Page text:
“I told you, I need a book. Preferably a thick one.” Tag cursed how his tone dissolved into pleading on his last sentence.
    "My, aren't we desperate?"
    “Brooks. Please. You know what it’s like when you need—”
    “The right book. Yeah, I understand.” Brooks sighed; his gaze—storms hovering between blue and gray—turned solemn and businesslike. 
    “What do you have?” Tag knew he sounded idiotic like this, but the hunger for a story gnawed at him. Insatiable.
    “There’s a new collection in the RUU. Arrived at the crack of dawn today.” RUU—a room filled with Rare, Unusual, and Unique books—was one of many acronyms for sections of the bookstore.
    “A crate of twenty-five?”
    “Ten this time.”
    “What were you doing here at the crack of dawn?” Tag wondered, inching toward the stairs.
    “Couldn’t sleep. Besides, I’m implementing a new organization system.” Brooks lowered his voice, glancing toward the cafe. “Also… Elly’s brothers are in hot water again, so I let her crash here.”
    “What happened this time?”
  “You know that’s her business,” Brooks reminded him. Tag nodded. Elly’s three younger brothers were all alike but as opposite from Elly as night and day. It wasn’t the first time they had been on the wrong side of the law.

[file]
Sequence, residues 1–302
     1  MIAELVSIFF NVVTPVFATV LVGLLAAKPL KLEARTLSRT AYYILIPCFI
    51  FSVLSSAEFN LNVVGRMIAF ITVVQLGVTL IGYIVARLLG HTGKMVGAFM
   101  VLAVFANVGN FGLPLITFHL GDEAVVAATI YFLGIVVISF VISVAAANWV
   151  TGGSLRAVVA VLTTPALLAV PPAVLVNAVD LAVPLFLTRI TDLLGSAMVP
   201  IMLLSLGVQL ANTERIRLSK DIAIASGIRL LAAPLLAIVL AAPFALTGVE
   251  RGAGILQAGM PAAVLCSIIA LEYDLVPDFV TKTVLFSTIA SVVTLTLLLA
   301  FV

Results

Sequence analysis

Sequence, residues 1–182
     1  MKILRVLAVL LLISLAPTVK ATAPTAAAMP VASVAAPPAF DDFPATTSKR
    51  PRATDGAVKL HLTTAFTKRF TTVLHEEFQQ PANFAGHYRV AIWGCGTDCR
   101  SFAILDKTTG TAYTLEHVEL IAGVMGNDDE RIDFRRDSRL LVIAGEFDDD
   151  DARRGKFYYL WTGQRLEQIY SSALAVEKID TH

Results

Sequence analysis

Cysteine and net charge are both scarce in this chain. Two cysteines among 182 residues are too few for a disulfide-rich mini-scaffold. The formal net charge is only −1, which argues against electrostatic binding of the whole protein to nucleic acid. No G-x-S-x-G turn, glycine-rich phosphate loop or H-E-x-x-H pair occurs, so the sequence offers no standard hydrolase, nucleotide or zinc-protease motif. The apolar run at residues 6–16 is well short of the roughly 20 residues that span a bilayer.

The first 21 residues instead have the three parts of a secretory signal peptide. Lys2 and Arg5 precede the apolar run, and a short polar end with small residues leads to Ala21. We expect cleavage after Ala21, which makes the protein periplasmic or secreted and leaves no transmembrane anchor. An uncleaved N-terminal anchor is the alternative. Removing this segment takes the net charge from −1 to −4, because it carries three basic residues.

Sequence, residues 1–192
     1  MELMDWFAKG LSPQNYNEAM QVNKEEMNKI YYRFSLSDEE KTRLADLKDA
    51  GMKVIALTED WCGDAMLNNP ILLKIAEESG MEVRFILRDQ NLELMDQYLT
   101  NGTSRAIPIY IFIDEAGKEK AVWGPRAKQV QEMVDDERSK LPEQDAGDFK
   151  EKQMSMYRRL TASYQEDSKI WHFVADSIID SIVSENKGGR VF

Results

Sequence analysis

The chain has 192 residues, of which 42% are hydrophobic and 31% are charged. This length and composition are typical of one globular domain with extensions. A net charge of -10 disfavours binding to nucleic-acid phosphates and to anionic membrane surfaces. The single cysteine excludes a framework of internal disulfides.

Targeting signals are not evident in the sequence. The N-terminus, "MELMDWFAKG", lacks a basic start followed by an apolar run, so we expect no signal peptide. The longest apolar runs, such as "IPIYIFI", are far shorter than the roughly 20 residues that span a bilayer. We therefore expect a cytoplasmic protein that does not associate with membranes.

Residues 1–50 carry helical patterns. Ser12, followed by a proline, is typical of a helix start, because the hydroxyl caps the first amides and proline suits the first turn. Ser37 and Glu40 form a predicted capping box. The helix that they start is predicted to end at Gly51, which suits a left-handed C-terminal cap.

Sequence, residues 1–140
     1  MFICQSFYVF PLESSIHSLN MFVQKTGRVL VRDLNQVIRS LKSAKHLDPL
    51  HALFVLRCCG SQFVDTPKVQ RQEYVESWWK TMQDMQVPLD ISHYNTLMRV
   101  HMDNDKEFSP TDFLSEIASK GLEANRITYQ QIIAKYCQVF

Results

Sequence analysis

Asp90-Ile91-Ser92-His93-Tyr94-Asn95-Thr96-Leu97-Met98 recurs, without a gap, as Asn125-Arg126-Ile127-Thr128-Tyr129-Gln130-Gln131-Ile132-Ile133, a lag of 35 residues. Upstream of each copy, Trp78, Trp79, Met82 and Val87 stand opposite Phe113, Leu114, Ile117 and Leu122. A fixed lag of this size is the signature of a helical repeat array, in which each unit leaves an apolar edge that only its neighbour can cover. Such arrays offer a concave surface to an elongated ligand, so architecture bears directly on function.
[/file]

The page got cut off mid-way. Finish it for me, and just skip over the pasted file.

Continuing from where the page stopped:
“Well, give her my regards. Have you looked through the books yet?” Tag was already at the top of the curved landing, eyeing the second floor.
    “Nope, it’s all yours to discover. And the girl’s.”
    “A girl?” Brooks smirked as Tag’s foot hovered over the next step.
    “Maybe you’ll get your first girlfriend since, what, sophomore year? This girl was striking, I’ll give her that. You know I notice everything about everyone. Tall, around your age. Her hair… it was dark with unusual highlights, kind of russet and gold. Like streaks of fire and sunlight.” He paused, contemplating. “You know, that's straight up poetry. Anyway, I think you should find her.”
    “You're turning into a gen-yoo-wine poet,” Tag noted. Beneath the banter, the steady thrum of necessity bore into him.
    Books. Books. Books, whispered the shelves.
    “Wow, a gen-yoo-wine poet?” teased a warm voice. With sandy waves of hair and a smile that never appeared forced, Brooks' girlfriend was impossible not to like. Only subtle shadows under Elly's eyes hinted at the anxiety Brooks had described. She walked to Tag and handed him the usual latte. 
    "Thanks." Tag sipped his drink, which was typically a perfect balance of creamy and bitter.
    “Don’t thank me, thank Brooks. Three dollars on your tab, babe,” she teased Brooks.